*Starred Review* It's a little strange for 11-year-old Ellie when her mother brings home a boy who looks to be about 13 but dresses like Ellie's grandfather. But it's a shocker when Ellie realizes that the kid is her grandfather, a scientist who has suddenly succeeded in reversing the aging process. Now sleeping in their den and newly enrolled in Ellie's middle school, Grandpa connives with her to sneak into his old lab and swipe what he needs to continue his research. Meanwhile, Ellie comes to admire the grandfather she has barely known, listens to his stories of famous scientists, and discovers her own passion for science. Written in a clean, crisp style, with lively dialogue and wit, this highly accessible novel will find a ready audience. The idea of an adult in a young teen's body may not be new, but Ellie's first-person narrative makes good use of the situation's comic potential, particularly in the fractious, role-reversed relationship between Mom and Grandpa. Along with the comedy, the story has a reflective side, too, as Ellie thinks through issues such as death and immortality and confronts Grandpa with the social consequences of his research. A great choice for book groups and class discussions as well as individual reading. HIGH-DEMAND BACKSTORY: A three-time Newbery Honor-winning author, whose books have also ranked on the New York Times best-seller lists, Holm has a formidably sized fan base waiting for her next release.--Phelan, Carolyn Copyright 2010 Booklist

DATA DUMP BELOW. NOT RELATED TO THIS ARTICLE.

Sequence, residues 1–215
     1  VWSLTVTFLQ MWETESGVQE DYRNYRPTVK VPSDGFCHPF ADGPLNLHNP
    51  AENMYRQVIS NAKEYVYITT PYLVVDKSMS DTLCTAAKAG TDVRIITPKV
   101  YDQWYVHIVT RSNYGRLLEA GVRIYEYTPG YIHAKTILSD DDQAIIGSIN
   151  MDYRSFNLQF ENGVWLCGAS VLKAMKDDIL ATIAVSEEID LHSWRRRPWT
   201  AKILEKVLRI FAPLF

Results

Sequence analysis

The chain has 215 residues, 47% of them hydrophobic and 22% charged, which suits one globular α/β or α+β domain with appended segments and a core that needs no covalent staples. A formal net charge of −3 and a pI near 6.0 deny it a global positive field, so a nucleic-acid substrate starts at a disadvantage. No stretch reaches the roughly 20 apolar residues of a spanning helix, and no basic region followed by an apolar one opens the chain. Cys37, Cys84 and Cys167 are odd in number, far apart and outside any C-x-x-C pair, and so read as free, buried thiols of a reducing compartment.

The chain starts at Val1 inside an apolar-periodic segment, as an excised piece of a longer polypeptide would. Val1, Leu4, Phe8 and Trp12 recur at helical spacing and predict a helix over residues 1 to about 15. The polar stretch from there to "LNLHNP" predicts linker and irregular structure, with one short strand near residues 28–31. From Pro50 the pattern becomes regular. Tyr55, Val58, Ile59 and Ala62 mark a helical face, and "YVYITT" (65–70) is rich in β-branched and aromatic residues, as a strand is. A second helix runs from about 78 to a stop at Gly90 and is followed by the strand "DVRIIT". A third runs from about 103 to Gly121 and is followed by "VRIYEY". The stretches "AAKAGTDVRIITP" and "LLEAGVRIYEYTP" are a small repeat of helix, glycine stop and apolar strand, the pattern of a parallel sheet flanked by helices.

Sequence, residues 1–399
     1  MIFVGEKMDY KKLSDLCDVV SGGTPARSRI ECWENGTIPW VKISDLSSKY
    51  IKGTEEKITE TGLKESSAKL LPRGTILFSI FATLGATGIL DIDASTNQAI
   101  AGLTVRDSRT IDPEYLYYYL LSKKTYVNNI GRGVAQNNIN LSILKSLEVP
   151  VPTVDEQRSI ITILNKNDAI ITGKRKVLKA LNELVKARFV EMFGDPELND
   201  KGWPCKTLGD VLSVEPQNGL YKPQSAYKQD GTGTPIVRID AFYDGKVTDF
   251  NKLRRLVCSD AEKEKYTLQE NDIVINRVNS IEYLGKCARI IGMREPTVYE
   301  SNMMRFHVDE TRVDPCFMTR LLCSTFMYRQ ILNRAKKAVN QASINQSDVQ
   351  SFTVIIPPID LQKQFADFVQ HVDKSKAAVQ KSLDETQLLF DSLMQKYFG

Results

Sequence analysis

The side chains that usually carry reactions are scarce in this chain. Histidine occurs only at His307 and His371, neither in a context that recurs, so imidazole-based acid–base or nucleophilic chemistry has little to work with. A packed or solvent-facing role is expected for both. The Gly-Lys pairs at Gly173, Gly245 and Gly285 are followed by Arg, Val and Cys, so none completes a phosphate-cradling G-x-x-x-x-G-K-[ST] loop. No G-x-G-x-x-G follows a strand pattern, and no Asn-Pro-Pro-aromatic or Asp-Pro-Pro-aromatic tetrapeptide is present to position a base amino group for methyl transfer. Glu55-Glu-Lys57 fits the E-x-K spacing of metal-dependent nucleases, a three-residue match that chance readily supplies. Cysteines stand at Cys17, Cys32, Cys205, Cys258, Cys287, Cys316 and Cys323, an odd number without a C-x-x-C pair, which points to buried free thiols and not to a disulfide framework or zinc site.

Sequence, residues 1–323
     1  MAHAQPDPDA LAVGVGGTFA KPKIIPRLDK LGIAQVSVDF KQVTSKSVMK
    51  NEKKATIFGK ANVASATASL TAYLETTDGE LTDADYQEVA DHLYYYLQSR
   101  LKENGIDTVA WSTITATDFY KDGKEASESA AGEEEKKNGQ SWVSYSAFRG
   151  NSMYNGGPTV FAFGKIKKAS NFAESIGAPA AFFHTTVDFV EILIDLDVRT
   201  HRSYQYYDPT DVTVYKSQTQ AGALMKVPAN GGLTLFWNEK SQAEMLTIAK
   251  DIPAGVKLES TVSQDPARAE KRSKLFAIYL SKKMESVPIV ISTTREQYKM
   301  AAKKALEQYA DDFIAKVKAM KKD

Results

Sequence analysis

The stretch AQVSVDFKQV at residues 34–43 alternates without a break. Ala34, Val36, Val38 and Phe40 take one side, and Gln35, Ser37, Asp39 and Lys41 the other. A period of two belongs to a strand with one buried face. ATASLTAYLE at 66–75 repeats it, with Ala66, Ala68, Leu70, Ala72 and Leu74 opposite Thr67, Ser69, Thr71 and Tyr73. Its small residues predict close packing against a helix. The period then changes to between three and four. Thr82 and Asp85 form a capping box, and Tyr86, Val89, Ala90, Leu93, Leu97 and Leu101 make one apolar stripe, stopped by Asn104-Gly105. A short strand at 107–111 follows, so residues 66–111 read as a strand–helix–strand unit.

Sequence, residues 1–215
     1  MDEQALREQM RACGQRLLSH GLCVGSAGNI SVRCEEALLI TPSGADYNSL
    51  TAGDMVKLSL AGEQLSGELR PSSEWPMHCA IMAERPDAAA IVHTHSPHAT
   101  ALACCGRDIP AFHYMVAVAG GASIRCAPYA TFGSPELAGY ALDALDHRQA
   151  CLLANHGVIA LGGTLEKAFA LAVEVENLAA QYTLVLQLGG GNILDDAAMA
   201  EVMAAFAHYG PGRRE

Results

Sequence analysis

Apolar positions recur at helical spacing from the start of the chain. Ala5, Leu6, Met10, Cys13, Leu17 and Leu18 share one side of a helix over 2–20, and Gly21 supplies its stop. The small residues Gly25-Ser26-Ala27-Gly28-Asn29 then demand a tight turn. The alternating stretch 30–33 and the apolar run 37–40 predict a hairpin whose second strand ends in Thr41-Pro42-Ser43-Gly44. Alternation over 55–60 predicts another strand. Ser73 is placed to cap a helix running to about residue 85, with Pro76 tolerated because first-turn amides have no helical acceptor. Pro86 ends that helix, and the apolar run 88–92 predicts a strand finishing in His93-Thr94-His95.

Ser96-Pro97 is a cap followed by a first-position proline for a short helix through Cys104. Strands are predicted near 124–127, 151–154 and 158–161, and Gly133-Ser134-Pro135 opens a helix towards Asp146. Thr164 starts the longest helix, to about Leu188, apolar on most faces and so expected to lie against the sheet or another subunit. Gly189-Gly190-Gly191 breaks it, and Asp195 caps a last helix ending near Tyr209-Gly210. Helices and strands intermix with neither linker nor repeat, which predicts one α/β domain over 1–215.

Publisher's Weekly Review

Middle school doesn't start smoothly for 11-year-old Ellie, whose best friend finds her passion (volleyball) and new teammates to eat lunch with, while Ellie flounders, uninterested in sports or her parents' avocation, theater. A startling addition to the household helps Ellie get her groove back when Grandpa Melvin, a scientist, moves in after engineering a cure for aging (the regenerative properties of jellyfish are involved) and transforming himself into a teenage boy. Though Melvin dresses and acts like the crotchety old man he was, he and Ellie bond over spirited discussions about Jonas Salk, Robert Oppenheimer, the possibilities of science, and the moral questions scientific advances can raise. Though the subject matter has a lot of intellectual heft, the writing has Holm's ever-present light touch. The small cast, which refreshingly includes divorced parents who treat each other respectfully, is so well realized that the farfetched aspects of the plot seem almost plausible. This is top-notch middle-grade fiction with a meaty dilemma, humor, and an ending that leaves room for the possibility of a sequel. Ages 8-12. Agent: Jill Grinberg, Grinberg Literary Management. (Aug.) (c) Copyright PWxyz, LLC. All rights reserved.

School Library Journal Review

Gr 3-7-Ellie's amicably divorced parents found their passion in the "thee-a-tah." Her previous best friend found hers in sports. Ellie doubts she'll ever find anything she's passionate about, but then her mother brings home Melvin, Ellie's cranky scientist grandfather. He's found the fountain of youth in the compound of a newly discovered species of jellyfish, the T. melvinus. His proof? Melvin now resides in the body of a sullen 13-year-old boy. He insists a Nobel Prize is imminent and enlists Ellie's help in recovering the T. melvinus from the research lab. In the course of their (mis)adventures, Ellie discovers a passion for science, meets a new friend, and finds life is full of opportunities to make the impossible possible. Holm provides a humorous view into the ever-evolving cycle of relationships and the importance of the wonder of science. Narrator Georgette Perna is exceptional, especially as cankerous, trying-to-maintain-his-dignity Melvin. The well-constructed mix of historical nonfiction and age transformation is a little bit Blue Balliett's The Calder Game and a little bit Mary Rogers's Freaky Friday. A top pick.-Cheryl Preisendorfer, Twinsburg City Schools, OH (c) Copyright 2014. Library Journals LLC, a wholly owned subsidiary of Media Source, Inc. No redistribution permitted.